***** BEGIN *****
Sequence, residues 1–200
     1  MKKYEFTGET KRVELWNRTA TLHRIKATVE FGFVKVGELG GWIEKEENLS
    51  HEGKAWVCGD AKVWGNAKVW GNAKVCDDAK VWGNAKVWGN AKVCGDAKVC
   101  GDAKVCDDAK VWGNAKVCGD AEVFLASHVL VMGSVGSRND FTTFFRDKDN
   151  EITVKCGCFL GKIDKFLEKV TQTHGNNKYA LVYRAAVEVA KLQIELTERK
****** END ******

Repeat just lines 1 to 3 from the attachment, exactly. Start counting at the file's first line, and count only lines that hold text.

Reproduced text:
Sequence, residues 1–200
     1  MKKYEFTGET KRVELWNRTA TLHRIKATVE FGFVKVGELG GWIEKEENLS
    51  HEGKAWVCGD AKVWGNAKVW GNAKVCDDAK VWGNAKVWGN AKVCGDAKVC